MKN HAH GATHERIiU IN KNOTS 


generally they only struck her benumbed sense as 
a dull, meanii^less echo of something that had 
happened long ago. When she reached her 
house, late that night, the familiar solitude of 
shore and sea gave her a momentary relief, but 
with it came the terribl<? conviction tfiat she had 



THE CONSPIRACY OF MRS. BUNKER 195 

forfeited hSr right to' it, that when her husband 
came back it would be hers no longer, and that 
with their meeting she would know it no more, 
For through all her childish vacillation and 
imaginings she managed to cling to one steadfast 
resolution. She would till him everything, and 
know the Worst. Perhaps he would never come ; 
perhaps she should not be alive to meet him. 

And so the days and nights slowly passed. 
The solitude which her previous empty deceit had 
enabled her to fill with such charming visions now 
in her awakened remorse seemed only to protract 
her misery. Had she been a more experienced, 
though even a more guilty, woman she would 
have suffered less. Without sympathy or counsel, 
without even the faintest knowledge of the world 
or its, standards of morality to guide her, she 
accepted her isolation and friendlessness as a 
necessary part of her wrongdoing. Her only 
criterion was her enemy — Mrs. Fairfax — and she 
could seek her relief by joining her lover ; but 
Mrs. Bunker knew now that she herself had never 
had one— and was alone ! Mrs. Fairfax had broken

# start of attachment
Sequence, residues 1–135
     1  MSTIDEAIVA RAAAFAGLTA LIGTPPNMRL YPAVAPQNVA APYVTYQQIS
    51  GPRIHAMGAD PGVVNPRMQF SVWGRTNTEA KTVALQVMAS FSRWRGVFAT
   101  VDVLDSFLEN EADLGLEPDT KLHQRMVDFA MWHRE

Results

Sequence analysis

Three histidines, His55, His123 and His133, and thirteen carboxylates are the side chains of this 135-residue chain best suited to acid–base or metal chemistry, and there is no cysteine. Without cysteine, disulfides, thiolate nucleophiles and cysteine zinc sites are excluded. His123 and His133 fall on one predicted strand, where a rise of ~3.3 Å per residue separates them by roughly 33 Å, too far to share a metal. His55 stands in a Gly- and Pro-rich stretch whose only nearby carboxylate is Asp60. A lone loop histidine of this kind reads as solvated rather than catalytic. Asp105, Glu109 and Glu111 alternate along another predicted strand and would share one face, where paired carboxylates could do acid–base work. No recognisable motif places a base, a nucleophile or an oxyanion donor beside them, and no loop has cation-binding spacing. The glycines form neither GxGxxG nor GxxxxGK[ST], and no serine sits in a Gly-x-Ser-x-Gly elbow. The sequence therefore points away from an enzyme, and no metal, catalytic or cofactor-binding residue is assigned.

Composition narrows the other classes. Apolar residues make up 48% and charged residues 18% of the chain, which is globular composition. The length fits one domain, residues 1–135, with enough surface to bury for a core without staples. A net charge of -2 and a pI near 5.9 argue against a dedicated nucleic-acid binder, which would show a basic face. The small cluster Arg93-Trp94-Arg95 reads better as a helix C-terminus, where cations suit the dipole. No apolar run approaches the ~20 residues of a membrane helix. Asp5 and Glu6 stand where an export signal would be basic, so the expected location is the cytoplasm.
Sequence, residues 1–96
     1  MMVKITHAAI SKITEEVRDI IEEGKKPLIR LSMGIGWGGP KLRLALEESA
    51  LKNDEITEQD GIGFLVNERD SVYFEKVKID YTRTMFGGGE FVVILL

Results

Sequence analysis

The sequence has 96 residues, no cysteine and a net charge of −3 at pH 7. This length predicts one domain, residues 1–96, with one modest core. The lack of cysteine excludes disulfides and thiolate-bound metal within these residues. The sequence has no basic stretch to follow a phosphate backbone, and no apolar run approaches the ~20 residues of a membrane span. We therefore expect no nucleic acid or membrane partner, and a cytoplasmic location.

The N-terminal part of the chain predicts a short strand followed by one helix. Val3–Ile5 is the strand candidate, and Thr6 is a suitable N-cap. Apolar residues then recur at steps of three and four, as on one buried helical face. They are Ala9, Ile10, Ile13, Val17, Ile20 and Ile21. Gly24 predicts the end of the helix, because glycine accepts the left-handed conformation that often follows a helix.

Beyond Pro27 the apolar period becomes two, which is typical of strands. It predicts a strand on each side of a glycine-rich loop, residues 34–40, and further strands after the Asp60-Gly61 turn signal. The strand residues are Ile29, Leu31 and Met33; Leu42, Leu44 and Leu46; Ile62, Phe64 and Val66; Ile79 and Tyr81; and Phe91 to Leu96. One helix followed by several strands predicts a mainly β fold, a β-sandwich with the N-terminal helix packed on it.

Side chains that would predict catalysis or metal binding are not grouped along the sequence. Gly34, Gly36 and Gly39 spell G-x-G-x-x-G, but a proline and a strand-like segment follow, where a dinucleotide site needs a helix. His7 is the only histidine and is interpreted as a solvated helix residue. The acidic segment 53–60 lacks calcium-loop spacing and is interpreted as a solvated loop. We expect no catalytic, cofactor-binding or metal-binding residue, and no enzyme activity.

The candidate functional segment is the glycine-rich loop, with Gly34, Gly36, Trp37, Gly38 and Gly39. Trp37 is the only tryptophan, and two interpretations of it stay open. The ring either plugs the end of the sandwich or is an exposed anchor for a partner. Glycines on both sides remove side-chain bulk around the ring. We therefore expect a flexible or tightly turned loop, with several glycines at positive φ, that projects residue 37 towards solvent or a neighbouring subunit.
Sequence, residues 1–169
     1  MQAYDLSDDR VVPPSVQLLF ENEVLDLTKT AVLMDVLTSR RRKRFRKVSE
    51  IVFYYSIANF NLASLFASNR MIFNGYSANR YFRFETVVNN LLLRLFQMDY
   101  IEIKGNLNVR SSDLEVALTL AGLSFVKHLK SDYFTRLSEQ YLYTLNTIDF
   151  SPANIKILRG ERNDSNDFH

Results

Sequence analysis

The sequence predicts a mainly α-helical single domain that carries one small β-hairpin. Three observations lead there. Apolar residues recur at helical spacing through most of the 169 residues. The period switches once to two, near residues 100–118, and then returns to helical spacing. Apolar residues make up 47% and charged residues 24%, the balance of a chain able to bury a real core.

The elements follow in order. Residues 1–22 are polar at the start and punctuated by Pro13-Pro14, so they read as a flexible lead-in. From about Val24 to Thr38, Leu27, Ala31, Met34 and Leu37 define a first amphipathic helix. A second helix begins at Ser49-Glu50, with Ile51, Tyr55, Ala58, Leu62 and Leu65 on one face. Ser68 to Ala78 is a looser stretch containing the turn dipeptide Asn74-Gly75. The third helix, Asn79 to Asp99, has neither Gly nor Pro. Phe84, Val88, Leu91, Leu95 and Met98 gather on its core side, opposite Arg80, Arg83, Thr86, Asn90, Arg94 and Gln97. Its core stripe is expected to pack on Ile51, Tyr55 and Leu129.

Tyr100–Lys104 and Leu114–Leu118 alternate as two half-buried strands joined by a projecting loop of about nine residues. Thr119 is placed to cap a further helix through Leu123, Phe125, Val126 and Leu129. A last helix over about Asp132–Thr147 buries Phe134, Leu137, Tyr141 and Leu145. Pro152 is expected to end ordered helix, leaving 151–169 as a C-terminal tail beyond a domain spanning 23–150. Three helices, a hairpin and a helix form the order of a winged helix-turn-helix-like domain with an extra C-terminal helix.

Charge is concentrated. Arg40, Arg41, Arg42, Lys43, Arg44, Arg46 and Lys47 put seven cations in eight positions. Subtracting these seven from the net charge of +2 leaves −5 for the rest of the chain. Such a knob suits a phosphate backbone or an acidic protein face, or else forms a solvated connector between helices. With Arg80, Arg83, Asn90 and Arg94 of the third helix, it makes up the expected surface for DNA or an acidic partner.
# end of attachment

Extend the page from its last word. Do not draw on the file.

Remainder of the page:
openly with her husband ; but she had deceived 
hers, and the e^Grience and reckoning were still 
to come. 'In her miserable confession it was not 
strange that this half child, half wOm^n, some- 
times looked towards that grey sea, eternally 



196 TJlM COJVSTf/^ACy OF MRS. BUNKER 

r. ■ ' |''» ‘ 

waiting for her — that sea which had taKen.fyery- 

tltiing W and given her nothing in iieturn 

—t-jlwr ^an."* o^^terating, and perhaps exonerating 

dcftfej* y ..." 

y tpe third day of her waiting isolation , was 


THAT r,REY SEA, ETERNATXV WAITING FOR KER ' | 

broken upon by another intrusion. The ih^j^ing 
had been threatening, with an opaque, mqt|qniess, 
livid arch above, which had tak^ythe plane of the 
usual flying scud and shaded cloud nia^i^ of the 
rainy s^sonl The whole outlying too, 

beyond the bar, appeared nearer, and, feen seemed 


m CONSPIRACY OF MRS. FUNNER igr 


to h^hef ths|n tho Bay itself, mi4 lit 

eveiry, now and then with 
woii|4r4l clearness by long 
dasha^ of breaking foam like 
summer lightning. She knew 
that this meant a south- 
wester, and began, with a 
certain mechanical clelibera 
tion, to set her 
little ' domain in 
order ag-xinst the 
coming gale. She 
drove the cows to 
the rude s'led 
among the 
.scrub oaks, 
she collected 
the goats and 
corral^ and 
stock of fnd 
She ^was 
shftilAery 
making ^^OW 
the 

cove wi^e 
beftmt 
dingey ‘ 
of 






young kids in the 
replenished the 
from the wood-pile, 
quite hidden in the